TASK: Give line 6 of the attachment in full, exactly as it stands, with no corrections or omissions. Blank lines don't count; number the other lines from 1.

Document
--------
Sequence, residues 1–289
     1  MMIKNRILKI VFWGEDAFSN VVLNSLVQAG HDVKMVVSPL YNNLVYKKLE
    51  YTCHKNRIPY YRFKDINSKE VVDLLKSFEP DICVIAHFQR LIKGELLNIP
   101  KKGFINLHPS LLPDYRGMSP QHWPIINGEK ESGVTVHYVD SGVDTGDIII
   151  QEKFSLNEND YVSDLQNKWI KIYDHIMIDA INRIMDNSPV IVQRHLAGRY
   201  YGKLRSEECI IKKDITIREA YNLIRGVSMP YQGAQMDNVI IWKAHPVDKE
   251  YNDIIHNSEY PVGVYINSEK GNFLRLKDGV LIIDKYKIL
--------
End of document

   201  YGKLRSEECI IKKDITIREA YNLIRGVSMP YQGAQMDNVI IWKAHPVDKE